For someone far more interested in how his presidency looks on TV than what it actually does, Donald Trump can be remarkably tone-deaf when it comes to the political implications of his policy proposals. But there are some things the president and his party are committed to, no matter how unpopular they might be.

So it is that, with 30 million Americans out of work and the country still in the midst of a pandemic that Trump has lost all interest in doing anything about, his administration has an answer to our economic troubles: Cut the capital gains tax!

I kid you not.

Capital gains taxes are paid on things such as the sale of stocks, which is why they’re overwhelmingly paid by the wealthy. The fact that capital gains are taxed at all is deeply offensive to Republicans, and if the tax can’t be eliminated entirely, at the very least, they believe it should be lowered as much as possible.

A capital gains tax cut is the solution to both good times and bad: If the economy is doing well, we should cut the tax to reward virtuous job creators; if it’s doing poorly we should cut the tax to free up brutally imprisoned capital for more job creation. You see, standard Republican trickle-down economic theory says the way to achieve prosperity is to cut taxes for the rich, who in their beneficence will allow some of their windfall to trickle down to the commoners.

During a press briefing on Monday, the president made sure everyone knew how great the economy is doing, noting that “We’ve had some tremendous success already if you look at what’s happening with the stock market.” Then, he went on:

But the — we’re looking at also considering a capital gains tax cut, which would create a lot more jobs. So we’re looking very seriously at a capital gains tax cut and also at an income tax cut for middle-income families. We’re looking at expanding the tax cuts that we’ve already done, but specifically for middle-income families, and you’ll be hearing about that in the upcoming few weeks, and I think it’ll be very exciting.
So, a capital gains tax is going to be — a lot of — a lot of people put to work, and it would be a cut in the capital gains tax and also a cut in the middle-income income tax.

No one had any idea what kind of middle-class tax cut he was talking about, and Trump often says he is “looking at” something when he really isn’t. (In fact, he often answers “We’re looking at that very strongly” when asked a question on policy, which usually translates as “I have no idea what that is about but I’m going to pretend it’s something I’m deeply informed and active on.”)

In this case, however, the administration really is “looking at” a capital gains tax cut, or at least hoping for it. Treasury Secretary Steven Mnuchin told reporters on Wednesday that one of the key differences between Trump and former vice president Joe Biden is that the presumptive Democratic nominee wants to raise capital gains taxes while Trump wants to lower them. “While we recover, we should reduce those capital gains,” Mnuchin said.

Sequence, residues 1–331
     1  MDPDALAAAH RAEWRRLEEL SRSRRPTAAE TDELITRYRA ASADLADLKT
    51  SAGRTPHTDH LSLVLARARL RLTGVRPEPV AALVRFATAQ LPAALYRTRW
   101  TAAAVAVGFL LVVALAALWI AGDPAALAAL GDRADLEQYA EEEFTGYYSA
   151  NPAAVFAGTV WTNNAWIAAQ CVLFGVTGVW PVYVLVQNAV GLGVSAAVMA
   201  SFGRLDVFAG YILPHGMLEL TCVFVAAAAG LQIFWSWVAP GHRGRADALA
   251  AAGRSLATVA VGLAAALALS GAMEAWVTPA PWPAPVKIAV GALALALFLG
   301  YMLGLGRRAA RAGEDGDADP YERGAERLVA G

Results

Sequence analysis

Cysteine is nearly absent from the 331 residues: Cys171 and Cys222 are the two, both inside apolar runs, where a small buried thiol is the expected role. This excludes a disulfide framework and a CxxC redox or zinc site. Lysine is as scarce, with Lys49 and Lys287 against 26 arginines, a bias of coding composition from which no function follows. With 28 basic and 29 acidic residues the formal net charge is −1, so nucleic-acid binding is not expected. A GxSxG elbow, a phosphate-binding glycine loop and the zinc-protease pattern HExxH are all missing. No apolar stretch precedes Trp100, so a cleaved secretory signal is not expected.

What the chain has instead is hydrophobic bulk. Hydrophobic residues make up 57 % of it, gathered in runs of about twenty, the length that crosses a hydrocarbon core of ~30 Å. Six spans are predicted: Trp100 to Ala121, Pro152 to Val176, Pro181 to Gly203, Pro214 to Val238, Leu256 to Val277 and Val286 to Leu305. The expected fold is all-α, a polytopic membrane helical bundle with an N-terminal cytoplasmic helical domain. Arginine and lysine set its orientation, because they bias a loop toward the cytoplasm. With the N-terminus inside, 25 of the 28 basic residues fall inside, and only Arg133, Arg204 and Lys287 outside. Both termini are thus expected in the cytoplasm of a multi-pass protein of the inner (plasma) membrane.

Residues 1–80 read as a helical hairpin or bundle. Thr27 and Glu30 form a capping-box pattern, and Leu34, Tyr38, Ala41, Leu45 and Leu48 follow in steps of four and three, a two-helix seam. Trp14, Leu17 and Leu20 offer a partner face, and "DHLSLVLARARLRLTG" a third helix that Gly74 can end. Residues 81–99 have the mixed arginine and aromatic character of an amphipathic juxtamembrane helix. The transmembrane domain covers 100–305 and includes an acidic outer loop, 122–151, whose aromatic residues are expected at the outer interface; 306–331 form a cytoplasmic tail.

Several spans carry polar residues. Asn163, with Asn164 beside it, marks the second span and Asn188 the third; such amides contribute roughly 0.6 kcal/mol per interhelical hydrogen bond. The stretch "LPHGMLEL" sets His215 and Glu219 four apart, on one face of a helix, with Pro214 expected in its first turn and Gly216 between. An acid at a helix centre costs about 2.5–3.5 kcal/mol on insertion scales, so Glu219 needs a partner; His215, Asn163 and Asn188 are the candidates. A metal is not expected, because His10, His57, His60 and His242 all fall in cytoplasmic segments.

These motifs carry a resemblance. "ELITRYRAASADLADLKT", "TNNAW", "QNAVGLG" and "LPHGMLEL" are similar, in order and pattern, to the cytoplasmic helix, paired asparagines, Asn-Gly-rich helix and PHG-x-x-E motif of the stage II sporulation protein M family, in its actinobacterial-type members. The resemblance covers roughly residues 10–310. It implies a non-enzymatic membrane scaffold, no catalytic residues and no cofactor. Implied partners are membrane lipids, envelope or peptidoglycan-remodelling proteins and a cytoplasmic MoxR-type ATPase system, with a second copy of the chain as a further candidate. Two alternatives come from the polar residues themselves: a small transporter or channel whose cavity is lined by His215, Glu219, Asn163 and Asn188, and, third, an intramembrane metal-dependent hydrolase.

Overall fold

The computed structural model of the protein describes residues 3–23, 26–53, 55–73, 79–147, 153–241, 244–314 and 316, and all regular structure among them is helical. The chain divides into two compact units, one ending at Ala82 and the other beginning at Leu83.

But cutting the tax would require legislation, and with Democrats controlling the House, that won’t happen. Some believe, however, that the president might have the authority to order the Treasury Department to index capital gains to inflation, which would be the same as a cut. For instance, if you bought a stock 20 years ago for $100 and sold it for $150 today, you’d pay taxes not on the $50 profit but on $150 minus the inflation-adjusted value of $100 from 20 years ago. Which just happens to be $149.94, meaning you’d have to pay taxes on only $0.06.

You can see why that prospect would make Republicans’ hearts go aflutter. According to one analysis, 63 percent of the benefits of indexing capital gains to inflation would go to the richest one-tenth of one percent of Americans.

You almost have to admire Republicans’ commitment to principle. The election is less than three months away, the country is in the grip of a recession, and they’re proposing a tax cut for the wealthy. It’s not because some poll or focus group told them it was a good idea politically, because it’s an absolutely terrible idea. They’re doing it because they believe in it.

And Mnuchin is right: Biden does, indeed, want to raise the capital gains tax. In fact, Biden’s economic plan is probably more liberal than you realize, and on investment income, it embodies an idea some of us have been shouting about for years: We should just tax all income at the same rate. Instead of giving preferential treatment to investment income as we do now, we should tax it the same as wage income. There’s no reason that the money you make when your money makes you more money should be taxed at a lower rate than the money you earn by working. That’s how it works now, and it’s completely upside-down.

The income tax goes up to 37 percent, but the capital gains tax tops out at 20 percent. Biden proposes to tax them the same: if you make $50,000 from your job or $50,000 from selling a bunch of stock, it would be taxed at the same rate. It’s simple and logical, but it would mean a profound change from the status quo, in which the interests of rich people always come first.

Like many of the things Biden has proposed, it will produce a brutal fight if and when it is written into legislation. The thing about rich people is that they are very much opposed to paying more in taxes, and they use their money to make sure the tax code serves their interests. But Biden should thank Trump and his administration for drawing attention to this issue.

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